Even before the financial and home foreclosure crisis hit full stride, the number of homeless children in America had reached an alarming level. The National Center on Family Homelessness released a report today that estimates that one in every 50 American children was homeless between 2005 and 2006. That totals roughly 1.5 million kids. While the center provided no previous statistic to compare against that figure, a study conducted with different measures published in 2000 put the total at 1.35 million children living in homelessness each year. The numbers are likely to get worse as the economy continues to decline. “We know the numbers are going to skyrocket,” says Ellen Bassuk, president of the Newton, Mass.-based Center and an associate professor of psychiatry at the Harvard Medical School.
Indeed, a quick survey of the country provides lots of evidence to support those fears. Chicago public school officials report the number of its 405,000 students deemed homeless soared to 11,143 last month from 9,182 in February 2006. School officials in Hillsborough County, Fla., which includes Tampa, have so far counted some 1,700 homeless students — and expect the figure to eclipse last year’s 2,020. Meanwhile, the surge in homeless families has overwhelmed Massachusetts’ shelters, forcing state officials to book motel rooms for the displaced. In January, some 4,600 homeless children were reported in the state’s shelters and motels, up from 3,411 from roughly one year earlier. (See pictures of Americans in their homes.)
According to the new report, the states with the highest number of homeless children in the period studied were Texas (337,105), California (292,624), Louisiana (204,053), Georgia (58,397) and Florida (49,886). The states reporting the smallest populations of homeless children: Wyoming (169), Rhode Island (797), Vermont (1,174), North Dakota (1,181), and South Dakota (1,545). However, the report also ranks the states according to parameters that go beyond their share of homeless children, factoring in, among other things, incidence of such health conditions as asthma and tooth decay. With that framework, Connecticut, New Hampshire, Hawaii, Rhode Island and North Dakota were rated among states that dealt best with the problem overall. At the bottom of the list: Texas, Georgia, Arkansas, New Mexico and Louisiana.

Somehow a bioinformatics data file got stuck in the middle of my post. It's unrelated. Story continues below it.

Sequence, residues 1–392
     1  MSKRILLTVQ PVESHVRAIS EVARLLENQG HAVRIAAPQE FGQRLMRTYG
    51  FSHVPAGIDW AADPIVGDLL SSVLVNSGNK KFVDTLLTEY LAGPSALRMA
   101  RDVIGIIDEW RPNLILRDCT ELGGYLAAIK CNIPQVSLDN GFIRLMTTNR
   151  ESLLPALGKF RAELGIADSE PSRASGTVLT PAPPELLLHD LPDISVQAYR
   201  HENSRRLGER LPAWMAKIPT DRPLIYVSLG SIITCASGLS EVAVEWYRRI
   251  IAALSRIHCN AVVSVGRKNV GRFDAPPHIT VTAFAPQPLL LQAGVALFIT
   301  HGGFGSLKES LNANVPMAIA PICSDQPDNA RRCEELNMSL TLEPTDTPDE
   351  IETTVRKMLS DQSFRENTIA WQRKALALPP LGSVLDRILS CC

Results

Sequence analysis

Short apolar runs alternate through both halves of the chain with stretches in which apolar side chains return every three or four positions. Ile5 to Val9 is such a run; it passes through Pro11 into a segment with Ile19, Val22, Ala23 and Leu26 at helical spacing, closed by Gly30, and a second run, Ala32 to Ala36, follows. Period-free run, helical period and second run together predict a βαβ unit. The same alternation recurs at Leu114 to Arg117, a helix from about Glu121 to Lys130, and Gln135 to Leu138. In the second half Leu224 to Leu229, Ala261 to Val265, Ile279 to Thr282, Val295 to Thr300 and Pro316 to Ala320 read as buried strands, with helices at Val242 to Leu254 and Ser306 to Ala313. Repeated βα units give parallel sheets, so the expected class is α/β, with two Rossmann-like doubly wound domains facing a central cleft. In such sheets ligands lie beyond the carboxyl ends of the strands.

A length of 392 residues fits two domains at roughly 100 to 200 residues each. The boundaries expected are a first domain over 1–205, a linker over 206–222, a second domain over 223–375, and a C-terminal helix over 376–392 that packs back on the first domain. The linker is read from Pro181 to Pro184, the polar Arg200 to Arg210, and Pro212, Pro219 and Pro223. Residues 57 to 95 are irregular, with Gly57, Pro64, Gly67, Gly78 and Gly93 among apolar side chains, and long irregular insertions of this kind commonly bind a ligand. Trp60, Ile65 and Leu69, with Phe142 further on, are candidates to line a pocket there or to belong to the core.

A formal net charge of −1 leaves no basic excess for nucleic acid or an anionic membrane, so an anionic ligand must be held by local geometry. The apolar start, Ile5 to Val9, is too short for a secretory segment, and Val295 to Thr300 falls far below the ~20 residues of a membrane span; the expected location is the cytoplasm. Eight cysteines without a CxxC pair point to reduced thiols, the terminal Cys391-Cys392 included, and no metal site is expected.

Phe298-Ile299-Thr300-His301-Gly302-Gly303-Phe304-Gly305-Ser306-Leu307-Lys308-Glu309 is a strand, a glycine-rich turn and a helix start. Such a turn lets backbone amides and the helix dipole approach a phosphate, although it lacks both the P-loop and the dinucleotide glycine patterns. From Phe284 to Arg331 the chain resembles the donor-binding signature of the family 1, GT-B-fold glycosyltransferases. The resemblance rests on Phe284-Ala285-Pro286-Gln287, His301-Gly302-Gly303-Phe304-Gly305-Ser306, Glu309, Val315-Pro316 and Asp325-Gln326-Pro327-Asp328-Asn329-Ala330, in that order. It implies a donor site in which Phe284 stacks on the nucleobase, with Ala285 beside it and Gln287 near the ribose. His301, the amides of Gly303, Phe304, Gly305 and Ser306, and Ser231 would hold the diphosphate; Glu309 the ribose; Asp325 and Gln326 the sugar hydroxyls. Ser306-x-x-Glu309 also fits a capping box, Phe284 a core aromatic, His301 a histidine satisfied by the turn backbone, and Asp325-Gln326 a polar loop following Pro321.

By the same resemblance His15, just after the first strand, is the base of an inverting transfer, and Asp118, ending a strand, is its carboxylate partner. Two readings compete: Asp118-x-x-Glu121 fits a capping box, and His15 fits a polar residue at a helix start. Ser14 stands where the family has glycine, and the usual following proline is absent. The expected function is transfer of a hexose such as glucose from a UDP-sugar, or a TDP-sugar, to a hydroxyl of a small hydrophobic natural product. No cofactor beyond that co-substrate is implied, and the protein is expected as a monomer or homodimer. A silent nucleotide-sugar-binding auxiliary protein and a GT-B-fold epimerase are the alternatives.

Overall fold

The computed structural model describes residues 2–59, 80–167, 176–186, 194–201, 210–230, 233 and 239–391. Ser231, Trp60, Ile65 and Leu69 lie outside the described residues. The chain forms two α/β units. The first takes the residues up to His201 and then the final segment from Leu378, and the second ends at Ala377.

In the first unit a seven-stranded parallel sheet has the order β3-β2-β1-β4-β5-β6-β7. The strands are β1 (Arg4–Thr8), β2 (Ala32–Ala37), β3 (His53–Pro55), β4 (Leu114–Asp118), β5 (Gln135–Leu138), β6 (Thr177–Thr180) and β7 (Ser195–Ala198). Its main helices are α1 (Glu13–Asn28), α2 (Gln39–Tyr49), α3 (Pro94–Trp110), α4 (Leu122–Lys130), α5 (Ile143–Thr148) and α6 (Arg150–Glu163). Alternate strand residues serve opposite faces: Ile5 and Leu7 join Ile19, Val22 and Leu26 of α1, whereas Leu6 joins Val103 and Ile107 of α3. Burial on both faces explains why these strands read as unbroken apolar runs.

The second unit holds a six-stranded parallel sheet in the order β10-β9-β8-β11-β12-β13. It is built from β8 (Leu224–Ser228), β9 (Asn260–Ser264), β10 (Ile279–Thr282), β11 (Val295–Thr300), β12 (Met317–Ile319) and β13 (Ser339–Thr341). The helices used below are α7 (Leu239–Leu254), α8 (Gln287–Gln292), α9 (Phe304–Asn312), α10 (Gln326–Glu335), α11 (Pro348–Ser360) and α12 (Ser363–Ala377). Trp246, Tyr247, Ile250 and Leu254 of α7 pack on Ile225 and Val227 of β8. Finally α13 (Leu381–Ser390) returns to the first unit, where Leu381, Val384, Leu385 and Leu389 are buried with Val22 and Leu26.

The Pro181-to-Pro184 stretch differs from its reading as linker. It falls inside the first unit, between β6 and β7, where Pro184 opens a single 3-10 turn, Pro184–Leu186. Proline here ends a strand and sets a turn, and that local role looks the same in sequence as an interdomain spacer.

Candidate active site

Families with children comprise roughly one-third of the nation’s homeless population. Poverty continues to be a core reason for the crisis, though the aftermath of Hurrican Katrina combined to swell the numbers in Louisiana, Texas and Georgia. Since the 1980s, single mothers have accounted for an increasing share of the homeless population, partly because of increased divorced rates, gender and wage disparities, and the shrinking supply of affordable housing. Officials believe that the current home foreclosure crisis will be adding a new demographic to these statistics: middle-class blacks and Latinos. “It’s families that were living pretty independently, doing pretty well. And, through just one event, it was, like, a domino effect — if one part of the puzzle breaks off, then everything breaks off,” says Michael Levine, who coordinates social work programs for Hillsborough, Fla.’s 206,000-student school system. (See Cleveland’s woes amid the current foreclosure crisis.)